systems that route e-mail inquiries to an appropriate service representative. The latter
are the systems of choice for both software companies developing the systems and e-mail
service bureaus.

For the most part, managing customer e-mail is like managing customer calls to a
toll-free call center outfitted with an automatic call distributor (ACD). Thus, e-mail
inquiries are routed to a centralized server at a facility with e-mail customer service
representatives (CSRs). A routing system sends the message to the appropriate rep to
answer, while an automated acknowledgement goes out to the sender to confirm receipt and
estimate the wait time for a response. Response times can vary from an hour to a week, but
the generally acceptable period is within 24 hours. The CSRs then use tools available to
them–usually information databases and templates–to answer the e-mail and send it back
to the customer.

There are two basic types of companies that help companies perform these functions:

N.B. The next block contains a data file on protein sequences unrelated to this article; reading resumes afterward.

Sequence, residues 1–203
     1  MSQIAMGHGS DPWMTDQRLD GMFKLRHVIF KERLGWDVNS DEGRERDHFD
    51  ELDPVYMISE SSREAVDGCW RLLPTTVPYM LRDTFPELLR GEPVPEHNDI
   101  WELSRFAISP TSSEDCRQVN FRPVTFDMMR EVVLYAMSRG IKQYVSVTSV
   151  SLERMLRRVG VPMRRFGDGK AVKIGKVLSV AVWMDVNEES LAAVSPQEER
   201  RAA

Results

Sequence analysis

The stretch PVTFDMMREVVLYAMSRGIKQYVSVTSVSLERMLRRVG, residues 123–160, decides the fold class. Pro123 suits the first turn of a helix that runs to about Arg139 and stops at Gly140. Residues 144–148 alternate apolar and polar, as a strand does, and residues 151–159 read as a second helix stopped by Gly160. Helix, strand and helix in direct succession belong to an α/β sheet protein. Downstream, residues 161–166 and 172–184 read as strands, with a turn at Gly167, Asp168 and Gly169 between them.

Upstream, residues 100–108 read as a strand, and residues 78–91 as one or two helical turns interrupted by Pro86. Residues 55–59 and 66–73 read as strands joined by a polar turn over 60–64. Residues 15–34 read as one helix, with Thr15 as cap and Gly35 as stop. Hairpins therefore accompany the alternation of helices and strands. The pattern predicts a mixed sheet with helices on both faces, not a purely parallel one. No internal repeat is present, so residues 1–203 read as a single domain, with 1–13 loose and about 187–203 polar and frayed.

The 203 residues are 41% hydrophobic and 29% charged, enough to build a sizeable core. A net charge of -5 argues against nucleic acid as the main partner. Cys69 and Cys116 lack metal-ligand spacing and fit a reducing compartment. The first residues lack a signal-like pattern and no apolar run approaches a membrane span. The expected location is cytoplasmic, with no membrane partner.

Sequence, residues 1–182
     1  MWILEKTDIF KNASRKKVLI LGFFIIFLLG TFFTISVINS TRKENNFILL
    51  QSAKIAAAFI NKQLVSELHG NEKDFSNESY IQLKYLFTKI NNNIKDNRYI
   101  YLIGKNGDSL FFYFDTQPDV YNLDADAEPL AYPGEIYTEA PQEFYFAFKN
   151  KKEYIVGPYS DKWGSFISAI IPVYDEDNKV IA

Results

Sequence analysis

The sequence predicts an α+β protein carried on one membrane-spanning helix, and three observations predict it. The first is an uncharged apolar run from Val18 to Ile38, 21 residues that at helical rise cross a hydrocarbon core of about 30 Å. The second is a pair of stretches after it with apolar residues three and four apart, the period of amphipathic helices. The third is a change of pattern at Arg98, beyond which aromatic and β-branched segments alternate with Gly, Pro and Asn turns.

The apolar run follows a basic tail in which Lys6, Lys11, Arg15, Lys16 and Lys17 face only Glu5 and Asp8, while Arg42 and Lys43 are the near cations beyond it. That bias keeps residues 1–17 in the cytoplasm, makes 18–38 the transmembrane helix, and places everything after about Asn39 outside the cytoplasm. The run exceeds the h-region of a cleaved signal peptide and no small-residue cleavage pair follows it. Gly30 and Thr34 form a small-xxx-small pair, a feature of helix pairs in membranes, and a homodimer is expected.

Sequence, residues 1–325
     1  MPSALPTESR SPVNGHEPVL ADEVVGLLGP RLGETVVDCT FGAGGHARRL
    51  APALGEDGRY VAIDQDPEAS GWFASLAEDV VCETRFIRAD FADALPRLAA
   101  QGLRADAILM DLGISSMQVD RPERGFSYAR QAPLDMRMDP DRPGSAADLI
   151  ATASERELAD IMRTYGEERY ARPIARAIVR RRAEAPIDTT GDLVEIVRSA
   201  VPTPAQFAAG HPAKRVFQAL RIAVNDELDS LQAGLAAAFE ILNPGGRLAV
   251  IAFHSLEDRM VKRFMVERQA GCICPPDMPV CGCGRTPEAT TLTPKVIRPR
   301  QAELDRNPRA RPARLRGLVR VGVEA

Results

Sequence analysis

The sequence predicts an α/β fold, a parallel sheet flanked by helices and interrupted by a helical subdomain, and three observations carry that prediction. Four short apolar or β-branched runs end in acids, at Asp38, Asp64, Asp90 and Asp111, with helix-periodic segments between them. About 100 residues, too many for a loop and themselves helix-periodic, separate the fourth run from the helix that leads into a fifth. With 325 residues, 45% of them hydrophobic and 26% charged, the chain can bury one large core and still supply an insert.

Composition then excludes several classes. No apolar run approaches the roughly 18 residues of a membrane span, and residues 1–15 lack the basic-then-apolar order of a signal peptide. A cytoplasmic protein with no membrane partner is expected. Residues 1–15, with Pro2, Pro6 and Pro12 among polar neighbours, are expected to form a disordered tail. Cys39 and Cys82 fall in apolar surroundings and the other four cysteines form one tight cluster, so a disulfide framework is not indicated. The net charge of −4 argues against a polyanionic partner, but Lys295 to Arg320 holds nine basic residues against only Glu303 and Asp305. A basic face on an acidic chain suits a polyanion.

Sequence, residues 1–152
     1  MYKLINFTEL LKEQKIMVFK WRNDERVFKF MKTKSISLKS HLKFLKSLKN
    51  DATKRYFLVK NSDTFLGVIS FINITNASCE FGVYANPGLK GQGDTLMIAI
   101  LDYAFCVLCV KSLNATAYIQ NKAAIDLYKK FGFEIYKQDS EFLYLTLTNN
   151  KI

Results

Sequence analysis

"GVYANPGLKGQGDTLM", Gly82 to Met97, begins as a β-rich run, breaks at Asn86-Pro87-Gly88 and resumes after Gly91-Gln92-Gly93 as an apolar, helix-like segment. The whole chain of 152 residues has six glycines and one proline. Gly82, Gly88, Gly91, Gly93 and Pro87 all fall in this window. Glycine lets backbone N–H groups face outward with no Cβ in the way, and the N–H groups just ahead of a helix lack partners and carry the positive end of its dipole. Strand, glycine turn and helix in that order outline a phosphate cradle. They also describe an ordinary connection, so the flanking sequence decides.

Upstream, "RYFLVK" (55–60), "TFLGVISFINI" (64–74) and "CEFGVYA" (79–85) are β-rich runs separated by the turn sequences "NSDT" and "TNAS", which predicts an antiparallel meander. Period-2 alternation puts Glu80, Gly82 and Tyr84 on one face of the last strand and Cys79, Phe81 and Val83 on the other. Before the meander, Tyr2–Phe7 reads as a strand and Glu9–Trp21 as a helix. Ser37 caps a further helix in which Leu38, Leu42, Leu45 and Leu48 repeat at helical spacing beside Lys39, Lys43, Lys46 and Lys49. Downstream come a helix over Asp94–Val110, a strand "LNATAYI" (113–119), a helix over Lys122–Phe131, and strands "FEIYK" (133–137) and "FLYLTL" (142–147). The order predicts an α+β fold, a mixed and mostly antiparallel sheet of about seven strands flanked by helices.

software companies, such as Kana; Mustang Software Inc., Bakersfield, Calif.; and eGain
Communications Corp., Sunnyvale, Calif., which develop the e-mail management software
programs that companies or e-mail service bureaus use; and e-mail outsourcing and web
management companies themselves, such as AFFINA, Peoria, Ill.; Critical Path Inc., San
Francisco; and Extranet Solutions, Chicago, which actually provide end-to-end solutions
for companies’ customer care e-mail from an e-mail response center or by hosting a server
that acts as a virtual call center.

Who’s in Control?

In many ways, a company’s choice simply to implement e-mail management software at its
own site or to outsource and let another company assume responsibility for the entire
system is a control issue.

Some companies insist on handling every aspect of customer care from start to finish,
while others, says Chris Rechtesteiner, executive vice president of Mustang Software, are
more than happy to let someone else take care of customers for them, since the service is